Need an Inexpensive Kid-Friendly Computer?

Karla Andrew

This article, entitled Want a computer you aren’t afraid to let your kids experiment on? Check out the Raspberry Pi! comes from Karla Andrew and partner site Tech Ed 4 Kids

Raspberry Pi is one of the hottest and cheapest little computers in the world right now. Almost one million of these $35 machines have shipped since last February!

The Raspberry Pi is a single-board computer developed in the UK by the Raspberry Pi Foundation. The Raspberry Pi is a credit-card sized computer that plugs into your TV and a keyboard. It’s a capable little PC which can be used for many of the things that your desktop PC does, like spreadsheets, word-processing and games, as well as plays high-definition video. The design is based around a Broadcom BCM2835 SoC, which includes an ARM1176JZF-S 700 MHz processor, VideoCore IV GPU, and 512 Megabytes of RAM. This revision 2.0 board features two mounting holes for easy installation, a built-in reset circuit, and can be powered via the USB data ports. The design does not include a built-in hard disk or solid-state drive, instead relying on an SD card (not included) for booting and long-term storage. The Raspberry Pi is intended to run Linux kernel based operating systems.

This computer is designed for kids to play with the nuts and bolts of the PC without losing a lot of money if it’s damaged and becomes a brick. The Raspberry Pi — about 3 inches by 2 inches and less than an inch high — was intended to replace the expensive computers in school science labs. For less than the price of a new keyboard, a teacher could plug in the Pi and connect it to older peripherals that might be lying around. Pi initially ran only Linux, but kids will pick it up very quickly. Lots of new books are available on Amazon too to help with the learning curve. The Raspberry Pi Foundation began selling these computers in February of last year. They soon could not keep them in stock. What they found was not only do kids love these computers, but so do technologically-competent adults. Hobbyists, scientists and more are on the waiting list besides schools and homeschoolers.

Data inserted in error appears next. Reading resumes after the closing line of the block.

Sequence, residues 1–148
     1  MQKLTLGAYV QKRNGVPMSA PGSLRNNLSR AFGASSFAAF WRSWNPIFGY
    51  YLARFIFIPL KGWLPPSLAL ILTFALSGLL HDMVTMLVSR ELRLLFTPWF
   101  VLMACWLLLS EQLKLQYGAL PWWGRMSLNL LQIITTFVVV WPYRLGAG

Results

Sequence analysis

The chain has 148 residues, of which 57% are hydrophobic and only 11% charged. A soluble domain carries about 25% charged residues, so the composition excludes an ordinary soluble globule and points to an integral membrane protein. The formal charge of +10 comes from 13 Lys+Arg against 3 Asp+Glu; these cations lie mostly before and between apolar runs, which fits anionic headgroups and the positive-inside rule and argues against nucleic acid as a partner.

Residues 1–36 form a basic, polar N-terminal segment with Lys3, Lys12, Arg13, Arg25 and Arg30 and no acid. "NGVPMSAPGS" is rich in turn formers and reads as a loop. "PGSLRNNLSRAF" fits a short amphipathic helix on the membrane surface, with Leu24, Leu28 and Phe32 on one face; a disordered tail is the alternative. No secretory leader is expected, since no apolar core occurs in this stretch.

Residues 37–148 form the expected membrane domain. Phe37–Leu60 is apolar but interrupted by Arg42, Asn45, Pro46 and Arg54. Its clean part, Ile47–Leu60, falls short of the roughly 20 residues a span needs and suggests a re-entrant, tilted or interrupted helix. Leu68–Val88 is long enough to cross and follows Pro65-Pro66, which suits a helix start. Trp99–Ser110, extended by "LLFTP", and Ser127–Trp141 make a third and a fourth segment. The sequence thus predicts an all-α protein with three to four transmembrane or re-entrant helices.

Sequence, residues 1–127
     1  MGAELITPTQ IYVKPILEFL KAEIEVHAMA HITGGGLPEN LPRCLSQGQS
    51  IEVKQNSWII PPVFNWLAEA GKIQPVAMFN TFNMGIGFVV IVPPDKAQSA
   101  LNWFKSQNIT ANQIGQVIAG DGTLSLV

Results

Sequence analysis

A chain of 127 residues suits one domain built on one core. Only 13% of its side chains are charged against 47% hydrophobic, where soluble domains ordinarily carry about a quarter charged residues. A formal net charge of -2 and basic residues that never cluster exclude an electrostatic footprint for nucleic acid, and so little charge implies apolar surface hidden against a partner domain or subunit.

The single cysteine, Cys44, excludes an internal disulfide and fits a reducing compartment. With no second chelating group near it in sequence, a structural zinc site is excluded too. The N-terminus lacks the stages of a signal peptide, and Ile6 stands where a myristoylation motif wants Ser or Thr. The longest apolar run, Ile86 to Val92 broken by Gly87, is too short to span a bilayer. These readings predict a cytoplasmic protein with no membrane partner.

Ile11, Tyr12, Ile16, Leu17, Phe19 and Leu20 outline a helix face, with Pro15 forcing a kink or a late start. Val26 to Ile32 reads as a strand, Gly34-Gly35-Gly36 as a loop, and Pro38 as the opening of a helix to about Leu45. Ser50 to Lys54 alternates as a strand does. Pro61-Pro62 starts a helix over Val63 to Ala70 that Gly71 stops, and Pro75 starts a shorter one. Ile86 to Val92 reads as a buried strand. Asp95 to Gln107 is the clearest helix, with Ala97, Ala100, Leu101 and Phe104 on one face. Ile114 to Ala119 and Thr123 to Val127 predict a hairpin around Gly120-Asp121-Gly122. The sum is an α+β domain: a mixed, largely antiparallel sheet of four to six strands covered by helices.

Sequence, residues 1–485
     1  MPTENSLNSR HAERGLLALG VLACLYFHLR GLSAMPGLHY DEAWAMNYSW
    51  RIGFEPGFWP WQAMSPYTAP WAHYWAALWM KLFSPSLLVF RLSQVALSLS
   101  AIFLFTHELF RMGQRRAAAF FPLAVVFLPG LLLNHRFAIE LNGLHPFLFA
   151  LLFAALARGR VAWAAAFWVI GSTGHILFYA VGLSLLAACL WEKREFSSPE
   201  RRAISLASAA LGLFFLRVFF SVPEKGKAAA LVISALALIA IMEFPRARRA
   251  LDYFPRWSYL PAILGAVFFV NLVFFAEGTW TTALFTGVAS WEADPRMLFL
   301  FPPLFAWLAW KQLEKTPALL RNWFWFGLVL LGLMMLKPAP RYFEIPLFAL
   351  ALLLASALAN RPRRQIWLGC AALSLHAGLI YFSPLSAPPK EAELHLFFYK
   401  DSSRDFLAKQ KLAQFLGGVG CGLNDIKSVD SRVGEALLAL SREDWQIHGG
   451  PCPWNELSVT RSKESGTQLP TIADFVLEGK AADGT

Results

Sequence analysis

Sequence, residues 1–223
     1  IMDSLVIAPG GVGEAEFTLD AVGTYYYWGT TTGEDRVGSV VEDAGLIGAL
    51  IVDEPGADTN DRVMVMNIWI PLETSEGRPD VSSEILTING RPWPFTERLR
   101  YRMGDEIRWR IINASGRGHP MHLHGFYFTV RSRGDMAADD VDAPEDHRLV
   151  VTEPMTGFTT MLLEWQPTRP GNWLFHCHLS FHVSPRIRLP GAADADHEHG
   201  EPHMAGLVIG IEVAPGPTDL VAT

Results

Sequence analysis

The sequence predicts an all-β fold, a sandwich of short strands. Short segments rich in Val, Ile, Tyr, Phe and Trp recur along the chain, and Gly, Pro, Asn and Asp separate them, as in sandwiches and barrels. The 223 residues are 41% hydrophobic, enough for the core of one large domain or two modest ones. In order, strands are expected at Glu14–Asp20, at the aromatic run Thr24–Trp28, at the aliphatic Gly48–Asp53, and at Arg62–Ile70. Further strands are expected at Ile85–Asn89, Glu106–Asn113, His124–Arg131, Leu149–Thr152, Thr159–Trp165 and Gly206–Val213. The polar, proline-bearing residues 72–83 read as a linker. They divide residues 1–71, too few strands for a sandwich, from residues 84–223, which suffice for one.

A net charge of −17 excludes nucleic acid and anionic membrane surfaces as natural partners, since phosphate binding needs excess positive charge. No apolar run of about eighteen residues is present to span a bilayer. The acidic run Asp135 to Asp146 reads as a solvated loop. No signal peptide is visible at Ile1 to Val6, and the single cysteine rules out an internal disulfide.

They are even cheap enough that one owner sent a Raspberry Pi to the upper atmosphere to take live video, photos and measurements. Picking up a Raspberry Pi is not as easy as popping into a store. The Pi is so popular that many distributors are constantly out of stock. It is also difficult to find them online. Amazon has them listed but the company listing them is selling them for about $20 more than retail…

The Pi costs $35, or $25 for an older model, and comes as a bare circuit board. You can get a plastic enclosure or make your own case. The Raspberry Pi works with HDMI-compatible monitors and televisions (our TV is HDMI) and USB keyboard and mouse. For power you use a standard USB cable – just like many phones. It includes an audio-out port for connecting a set of speakers or headphones. There is no on-off just pull the plug is you want to turn it off. It has no operating system or hard drive when you get it. You will need to use an SD Card, external hard drive, USB drive. You should use something with at least 4GB.

Also if you plan to store movies and hook to your TV you can use RaspbMC and a large external hard drive. There are a number of available operating systems for the Raspberry Pi. On the official Web site, raspberrypi.org, you’ll find something under downloads called Raspbian, a Raspberry-flavored version of the Debian (Linux) operating system that includes tools for beginners. It even has a GUI interface. For kids there is Adafruit

You’ll need to scavenge around your house for some extra parts to do more than just marvel at the Raspberry Pi’s compact design. Find an old USB keyboard, a mouse, and a screen (most old TVs or computer monitors should be suitable) and plug them into the computer’s sockets. Grab a four-gigabyte SD card and flash it with the free Linux-based operating system on the Raspberry Pi Foundation’s website.

Right now I’m thinking this could be fun to plug in a video camera and add this to a remote control car…



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